New York Times - 12/29/2004
"[A] nimble, engagingly lightweight drama....It makes for an agreeable solo directing debut."
Los Angeles Times - 12/29/2004
"[G]enial, generous-spirited and unmistakably entertaining..."
USA Today - 12/29/2004
"[T]his workplace satire gets in some licks along the way. And it gives Dennis Quaid one of his best screen showcases."
Entertainment Weekly - 01/21/2005
"[A] bouncy, optimistic comedy....This winning comedy is about the contrast between the enduringly pleasing, quintessentially baby boomer masculinity of Dennis Quaid and the addictively delightful Gen-X charms of Topher Grace..."
Rolling Stone - 01/27/2005
"Fresh comic thinking spices up this smart cookie of a satire from director-writer Paul Weitz. He makes it sexually provocative and subversively hilarious."
Sight and Sound - 03/01/2005
"[A] smart, charming film that moves confidently between comedy and drama..."
Movieline's Hollywood Life - 02/01/2005
"[A] smart, unpredictable comedy with hidden emotional depths."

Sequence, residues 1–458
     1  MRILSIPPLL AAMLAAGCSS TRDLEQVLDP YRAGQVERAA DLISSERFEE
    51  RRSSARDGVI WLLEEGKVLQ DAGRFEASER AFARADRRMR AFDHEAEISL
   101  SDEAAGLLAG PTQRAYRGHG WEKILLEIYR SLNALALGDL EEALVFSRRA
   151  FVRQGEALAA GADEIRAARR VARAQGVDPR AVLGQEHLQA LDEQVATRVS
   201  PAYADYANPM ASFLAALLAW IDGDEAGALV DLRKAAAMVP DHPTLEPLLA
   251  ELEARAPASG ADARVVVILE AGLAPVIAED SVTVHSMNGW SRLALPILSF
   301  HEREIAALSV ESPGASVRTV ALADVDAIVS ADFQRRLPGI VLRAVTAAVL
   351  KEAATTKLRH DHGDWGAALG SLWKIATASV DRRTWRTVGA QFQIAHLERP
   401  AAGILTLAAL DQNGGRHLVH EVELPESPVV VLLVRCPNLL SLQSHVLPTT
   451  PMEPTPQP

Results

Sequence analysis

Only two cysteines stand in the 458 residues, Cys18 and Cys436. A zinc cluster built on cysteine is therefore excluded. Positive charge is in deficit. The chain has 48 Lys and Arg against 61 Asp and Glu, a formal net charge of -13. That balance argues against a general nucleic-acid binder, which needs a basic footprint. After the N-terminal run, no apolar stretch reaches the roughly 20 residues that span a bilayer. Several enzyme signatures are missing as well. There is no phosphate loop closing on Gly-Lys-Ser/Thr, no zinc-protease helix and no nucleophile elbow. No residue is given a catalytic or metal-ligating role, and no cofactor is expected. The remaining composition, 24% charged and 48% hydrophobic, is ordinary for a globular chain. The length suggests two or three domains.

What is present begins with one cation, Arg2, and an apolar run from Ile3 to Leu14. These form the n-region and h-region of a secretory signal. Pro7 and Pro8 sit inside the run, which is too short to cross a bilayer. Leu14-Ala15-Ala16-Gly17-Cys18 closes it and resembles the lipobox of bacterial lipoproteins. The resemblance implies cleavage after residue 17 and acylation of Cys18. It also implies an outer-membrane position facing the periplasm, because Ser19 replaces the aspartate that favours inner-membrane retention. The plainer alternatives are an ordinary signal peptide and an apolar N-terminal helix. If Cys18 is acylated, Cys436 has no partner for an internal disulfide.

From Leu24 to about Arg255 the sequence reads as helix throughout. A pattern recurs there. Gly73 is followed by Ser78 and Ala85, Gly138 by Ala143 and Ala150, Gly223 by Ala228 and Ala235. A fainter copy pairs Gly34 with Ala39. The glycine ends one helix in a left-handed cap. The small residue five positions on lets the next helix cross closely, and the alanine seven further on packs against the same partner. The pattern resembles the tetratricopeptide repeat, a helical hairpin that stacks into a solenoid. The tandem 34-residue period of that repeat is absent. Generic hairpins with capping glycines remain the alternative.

In his previous effort, ABOUT A BOY, writer-director Paul Weitz managed to smoothly blend elements of dark comedy with heartwarming drama to deftly undercut both of the genre's undesirable excesses. IN GOOD COMPANY is Weitz's solo directorial debut sans his brother Chris, with whom he co-helmed the aforementioned BOY and the wildly successful AMERICAN PIE series. Here, he perfects his gift for the so-called "dramedy," softening the jagged, sometimes ugly edges of corporate satire with warmth and sentiment.
Dennis Quaid is perfectly cast as Dan Foreman, a slightly weary yet still dashing advertising boss and dedicated family man. He seems to have it all as a wholesome and admirable father, an existence which smacks of the archetypical mid-century sitcom dad that he so brilliantly portrayed as the secretly homosexual husband-father in Todd Haynes' FAR FROM HEAVEN. Enter Carter Duryea (THAT 70s SHOW's Topher Grace), a cocky young upstart hired to replace him. Before long, Dan is forced to be deferential to his new baby-faced boss, not only in the office but also at his own dinner table when Dan begins dating his lovely daughter Alex (Scarlett Johanssen). This old-fashioned, slightly soap-operatic twist is the perfect catalyst for the integration of humanity into an environment (and cinematic genre) that is so often devoid of it, and the film simultaneously lightens in spirit and deepens in emotion as a slow-yet-sure, father-and-son bond develops between the former adversaries.
Family Interaction |